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Cruelty and Cost: Money Bail in Buffalo

Date: Apr 26, 2018
Author(s): Andrea Ó Súilleabháin, Colleen Kristich
Topic(s): Criminal Justice: General, Criminal Justice: Courts, Government: General
Type: Report

This policy report was drafted by Andrea Ó Súilleabháin, Deputy Director at PPG, and Colleen Kristich, Master of Social Work Candidate at the University at Buffalo.
It presents new data on bail in Buffalo, including frequency of money bail, average amounts by level and type of offense, and racial disparities. This dataset is based on PPG's observation of 240 arraignment hearings from November 2017 to February 2018.
The report includes several stories from Buffalo City Court, explores the harmful impacts of money bail, and offers recommendations for reform.

Key findings from our observation of 240 arraignment hearings:

  • Money bail is still frequently used in Buffalo: it is set as a condition of release in 64% of arraignment hearings.
  • Average bail amounts in Buffalo are far higher than in New York City. Median bail for a misdemeanor in Buffalo is $5,000; in New York City, it’s $1,000. Median bail for a felony charge in Buffalo is $10,000; in New York City, it’s $5,000.
  • Median bail is set five times higher on misdemeanors in Buffalo than in New York City, and twice as high on felonies.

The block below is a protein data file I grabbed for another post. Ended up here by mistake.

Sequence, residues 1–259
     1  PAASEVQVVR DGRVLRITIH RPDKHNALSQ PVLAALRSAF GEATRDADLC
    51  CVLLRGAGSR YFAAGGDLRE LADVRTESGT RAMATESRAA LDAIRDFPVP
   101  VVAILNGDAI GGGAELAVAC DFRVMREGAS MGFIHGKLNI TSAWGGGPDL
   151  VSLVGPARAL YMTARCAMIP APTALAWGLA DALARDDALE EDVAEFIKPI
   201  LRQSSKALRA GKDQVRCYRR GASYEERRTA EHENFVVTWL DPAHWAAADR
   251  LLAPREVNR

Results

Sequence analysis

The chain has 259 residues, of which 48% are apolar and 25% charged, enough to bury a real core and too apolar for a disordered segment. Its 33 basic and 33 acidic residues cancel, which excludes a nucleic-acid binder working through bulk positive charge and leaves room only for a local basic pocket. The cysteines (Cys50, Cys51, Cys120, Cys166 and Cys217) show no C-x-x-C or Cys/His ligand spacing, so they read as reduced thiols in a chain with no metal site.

• White defendants charged with misdemeanors were more likely to be released pretrial than defendants of color. 54% of white defendants were released, compared to only 37% of black defendants and 32% of Latino defendants.
  • Bail is set arbitrarily and inconsistently in Buffalo City Court. There is often no rationale stated for why a defendant should be held in jail pretrial, and when a reason is given, the amount of bail hardly changes.
  • How often a judge sets money bail varies widely, ranging from a judge who sets money bail in 92% of cases to a judge who sets it in just 46% of cases. 

 

The authors wish to extend their gratitude to court watchers Schyler Norton, Rosa Guerrero, and Molly Spakowski, as well as former PPG interns Sarah Alpert and Anna Magavern who worked on earlier drafts. Thanks are also due to Rebecca Town and Kevin Stadelmaier at the Legal Aid Bureau of Buffalo; Insha Rahman at the Vera Institute of Justice; Sean Hill at the Katal Center for Health, Equity, and Justice; and Katie Schaffer at Just Leadership USA.